How was your weekend? The weather was amazing Friday and Saturday. Friday night we met my family for dinner at a restaurant in Lexington called Pies & Pints. It was such a cool location and the pizza and beer were delicious! We ended the night with a trip to Target where I proceeded to buy the most boring stuff ever: cleaning products! Saturday we woke up and decided to enjoy the spring-like temperatures. We drove to Louisville, walked 3 miles, then met friends for lunch and drinks on a patio. Everyone in Louisville had the same idea we did, but we still had a great time! Outdoor drinking season is just around the corner, friends!
I thought of writing about how I was denied Sudafed again yesterday or other negative thoughts (like Donald Trump), but, really, who wants to start Monday on that note? One of the things we’ve asked ourselves a lot lately is: does it bring you joy? And, honestly, talking about Sudafed and how short the weekend is and the fact that winter is back does NOT bring me joy. So on we go.
I had convinced myself to stay in this weekend and work on blog things and do a little job searching but the opportunity to enjoy a beautiful, unseasonable weekend won my heart instead. And I’d say life has been like that a lot lately: choosing to enjoy myself instead of spending time doing what I THINK I’m supposed to be doing. The house will get clean (or it won’t). The blog post will get written. The clothes will get washed. Those chores are always there. Sunny, 70 degree February days aren’t.
When we decided to declutter the house earlier this year (a work in progress) we would ask one another if certain items brought us joy- if it didn’t, it was time to move on. You cannot hang on to things that don’t spark that inside you. And that can be applied to everything in life: does your work bring you joy? The people in your life? Your home? Your hobbies? If not, it’s time to find something that does. Or that will.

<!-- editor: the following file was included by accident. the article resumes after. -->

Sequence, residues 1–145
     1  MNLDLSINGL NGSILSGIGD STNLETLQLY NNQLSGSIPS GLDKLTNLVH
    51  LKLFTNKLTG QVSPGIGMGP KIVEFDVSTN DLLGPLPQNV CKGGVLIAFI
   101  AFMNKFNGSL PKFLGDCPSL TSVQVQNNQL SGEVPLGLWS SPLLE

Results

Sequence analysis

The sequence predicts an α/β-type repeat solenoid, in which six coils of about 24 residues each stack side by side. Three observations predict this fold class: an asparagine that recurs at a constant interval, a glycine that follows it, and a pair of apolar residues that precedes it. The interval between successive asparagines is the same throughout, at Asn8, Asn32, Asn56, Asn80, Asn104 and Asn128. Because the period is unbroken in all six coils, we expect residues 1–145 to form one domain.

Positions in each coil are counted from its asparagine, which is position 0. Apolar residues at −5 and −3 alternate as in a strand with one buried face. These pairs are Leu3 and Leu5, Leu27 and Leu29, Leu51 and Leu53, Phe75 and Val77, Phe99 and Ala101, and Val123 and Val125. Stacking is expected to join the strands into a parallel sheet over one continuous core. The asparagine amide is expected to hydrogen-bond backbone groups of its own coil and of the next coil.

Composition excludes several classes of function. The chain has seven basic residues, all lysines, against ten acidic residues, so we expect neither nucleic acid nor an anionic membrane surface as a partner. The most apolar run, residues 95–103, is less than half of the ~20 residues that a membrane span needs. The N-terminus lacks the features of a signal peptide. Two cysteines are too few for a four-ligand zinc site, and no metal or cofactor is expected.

We experience a lot of uncontrollable, non-joyous events in our lives: death of loved ones, tragedy, times of need, loss of jobs, loss of friends, loss of love. It comes with the territory. But those in-between times should be filled with joy and happiness and celebration. Sometimes you have to dig deep and take a monumental risk in order to find joy, but, without it, is life really worth living?
If you’re not happy at work, you need to make a change. If your relationship with your significant other, a friend, or a family member doesn’t bring you joy, it’s time to cut ties. None of us can experience happiness 100% of the time: there are times of stress and hurt and worry and sickness and long waits between paychecks, but we should absolutely experience it more than dread and regret. And no one can find it for you- it’s something you must do yourself and it’s something that is necessary to thrive. The most brave and adult thing a person can do is to allow yourself to seek and live a life of unadulterated joy.
What are your thoughts on this?